Till 2020, the two women were busy with household activities and helping their children with studies. During the pandemic, they beat the lockdown blues by learning how to play the single-reed woodwind instrument.
“It is like we have a new life now. We are no longer regarded as just homemakers in our locality. People — men and women alike — respect us for the music we play and come from distant places to book us exclusively,” said Chumki, the younger of the two.
As the surname suggests, the Badyakar family in Panagarh is known in the neighbourhood for playing musical instruments for generations. Currently, the family runs a band called Manoj Brass Band, named after Priya’s husband Manoj, who is the lead saxophone player of the group.
However, when the lockdown happened in March 2020 and all activities came to a standstill, the band, too, fell inactive. “All the musical instruments which we earlier used to keep at our booking office were brought to our home and that is when I found both of my daughters-in-law had interest in saxophone and could play a nice tune with little effort. I realised they had it in them and had a natural knack for the instrument. I started to mentor them over the next few months when there was no work, and soon they mastered the art of the instrument. Now, they can play it better than even my son or any other musician in the group,” said Paban Badyakar, their father-in-law and the current manager of the band.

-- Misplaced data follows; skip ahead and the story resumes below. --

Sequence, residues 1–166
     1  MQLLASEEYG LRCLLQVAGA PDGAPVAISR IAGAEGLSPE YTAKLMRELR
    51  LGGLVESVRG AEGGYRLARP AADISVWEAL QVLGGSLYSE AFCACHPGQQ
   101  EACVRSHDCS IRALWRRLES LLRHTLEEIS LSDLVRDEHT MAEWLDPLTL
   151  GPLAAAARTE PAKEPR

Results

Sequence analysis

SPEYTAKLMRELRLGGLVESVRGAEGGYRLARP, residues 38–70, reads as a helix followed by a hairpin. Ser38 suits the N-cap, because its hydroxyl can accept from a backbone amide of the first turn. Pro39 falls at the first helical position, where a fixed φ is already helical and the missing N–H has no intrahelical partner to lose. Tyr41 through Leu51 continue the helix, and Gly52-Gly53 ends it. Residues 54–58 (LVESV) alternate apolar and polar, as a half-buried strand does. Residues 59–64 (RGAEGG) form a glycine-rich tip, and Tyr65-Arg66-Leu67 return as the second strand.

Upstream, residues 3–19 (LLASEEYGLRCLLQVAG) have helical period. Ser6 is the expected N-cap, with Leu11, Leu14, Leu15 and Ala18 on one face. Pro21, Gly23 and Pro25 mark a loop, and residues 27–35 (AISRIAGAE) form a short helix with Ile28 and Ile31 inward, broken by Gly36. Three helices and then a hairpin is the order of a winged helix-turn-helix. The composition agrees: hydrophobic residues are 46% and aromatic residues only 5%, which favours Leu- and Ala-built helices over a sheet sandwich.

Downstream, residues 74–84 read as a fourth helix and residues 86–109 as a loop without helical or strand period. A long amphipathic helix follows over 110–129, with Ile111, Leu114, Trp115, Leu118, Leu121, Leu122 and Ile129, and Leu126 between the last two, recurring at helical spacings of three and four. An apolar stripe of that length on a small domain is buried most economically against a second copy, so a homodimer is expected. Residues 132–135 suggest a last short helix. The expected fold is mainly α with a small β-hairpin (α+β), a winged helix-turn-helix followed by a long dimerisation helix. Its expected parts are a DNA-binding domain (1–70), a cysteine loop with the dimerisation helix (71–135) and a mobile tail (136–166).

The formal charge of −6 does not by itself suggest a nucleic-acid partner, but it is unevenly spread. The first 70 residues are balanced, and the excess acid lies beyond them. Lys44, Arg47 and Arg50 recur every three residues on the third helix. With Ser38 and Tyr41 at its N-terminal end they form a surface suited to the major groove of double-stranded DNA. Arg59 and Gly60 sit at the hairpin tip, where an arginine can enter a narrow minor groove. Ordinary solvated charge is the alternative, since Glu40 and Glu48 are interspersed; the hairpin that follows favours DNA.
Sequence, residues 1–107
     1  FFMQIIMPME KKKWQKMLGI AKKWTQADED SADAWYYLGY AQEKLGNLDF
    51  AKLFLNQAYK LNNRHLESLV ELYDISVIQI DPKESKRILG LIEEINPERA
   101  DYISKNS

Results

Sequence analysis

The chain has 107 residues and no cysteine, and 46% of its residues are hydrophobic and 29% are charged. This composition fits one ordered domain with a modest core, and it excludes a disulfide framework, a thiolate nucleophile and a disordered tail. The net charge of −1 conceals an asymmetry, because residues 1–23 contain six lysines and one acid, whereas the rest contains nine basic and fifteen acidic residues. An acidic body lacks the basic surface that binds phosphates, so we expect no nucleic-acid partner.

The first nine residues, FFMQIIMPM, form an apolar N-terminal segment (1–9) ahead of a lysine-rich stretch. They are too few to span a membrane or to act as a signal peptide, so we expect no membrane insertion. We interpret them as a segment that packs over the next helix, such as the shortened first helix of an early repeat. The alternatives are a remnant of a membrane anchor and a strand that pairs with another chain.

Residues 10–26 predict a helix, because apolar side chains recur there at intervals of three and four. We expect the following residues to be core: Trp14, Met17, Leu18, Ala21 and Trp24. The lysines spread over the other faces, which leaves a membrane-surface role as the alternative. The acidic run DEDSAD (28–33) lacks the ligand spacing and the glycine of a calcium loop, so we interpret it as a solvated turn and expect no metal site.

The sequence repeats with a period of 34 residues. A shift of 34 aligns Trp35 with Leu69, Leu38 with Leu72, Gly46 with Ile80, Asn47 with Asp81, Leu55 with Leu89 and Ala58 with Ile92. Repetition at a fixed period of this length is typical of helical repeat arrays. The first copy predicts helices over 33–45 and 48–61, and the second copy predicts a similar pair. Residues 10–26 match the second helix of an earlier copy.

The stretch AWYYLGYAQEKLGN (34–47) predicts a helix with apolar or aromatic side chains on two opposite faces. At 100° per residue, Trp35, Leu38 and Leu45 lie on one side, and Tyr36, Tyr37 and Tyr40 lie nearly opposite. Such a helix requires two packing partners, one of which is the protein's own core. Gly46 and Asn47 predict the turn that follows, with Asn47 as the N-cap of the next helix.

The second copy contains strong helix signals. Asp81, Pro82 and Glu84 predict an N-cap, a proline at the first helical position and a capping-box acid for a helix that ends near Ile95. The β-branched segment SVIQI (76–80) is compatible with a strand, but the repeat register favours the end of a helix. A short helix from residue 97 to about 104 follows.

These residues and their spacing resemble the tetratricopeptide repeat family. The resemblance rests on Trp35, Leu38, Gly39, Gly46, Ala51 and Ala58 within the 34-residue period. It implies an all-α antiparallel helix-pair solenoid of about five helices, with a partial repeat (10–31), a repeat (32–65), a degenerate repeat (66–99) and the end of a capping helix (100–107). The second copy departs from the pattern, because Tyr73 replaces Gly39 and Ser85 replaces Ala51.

As a majority of musicians got busy with other livelihoods, Badyakar began the band with the two women on saxophone. Initially, people in the neighbourhood had made demoralising and stigmatising comments seeing the “barir bou” playing saxophone at wedding ceremonies. But soon they became a hit and gradually the reluctance gave way to acceptance and appreciation.
“Initially, people used to ask us how we, as homemakers, could go out and play music in public and how we were not uncomfor-table with it. But we love music and the instrument. Now those very people want to take selfies with us,” said Priya.
After harnessing the talent on the instrument, the two are now grooming themselves as they now perform in flashy stage costumes and not their sarees.
Their 10-year-old niece, Sangeeta, has also joined them to form a three-women band, and the group has bought two new saxophones, each for Rs 1.2 lakh.
“Our husbands and mother-in-law have taken over the household as we spend time practising music and watching videos of legendary saxophone players and are learning something new every day,” said Chumki, who swears by Charlie Parker and Mark Turner.